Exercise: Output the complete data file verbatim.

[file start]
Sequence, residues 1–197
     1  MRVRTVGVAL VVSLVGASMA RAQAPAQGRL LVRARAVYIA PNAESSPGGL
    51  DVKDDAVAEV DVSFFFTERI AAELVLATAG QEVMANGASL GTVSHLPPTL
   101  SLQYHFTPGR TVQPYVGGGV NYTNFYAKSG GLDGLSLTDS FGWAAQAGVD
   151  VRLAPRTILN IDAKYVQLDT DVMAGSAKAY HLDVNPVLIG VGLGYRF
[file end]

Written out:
Sequence, residues 1–197
     1  MRVRTVGVAL VVSLVGASMA RAQAPAQGRL LVRARAVYIA PNAESSPGGL
    51  DVKDDAVAEV DVSFFFTERI AAELVLATAG QEVMANGASL GTVSHLPPTL
   101  SLQYHFTPGR TVQPYVGGGV NYTNFYAKSG GLDGLSLTDS FGWAAQAGVD
   151  VRLAPRTILN IDAKYVQLDT DVMAGSAKAY HLDVNPVLIG VGLGYRF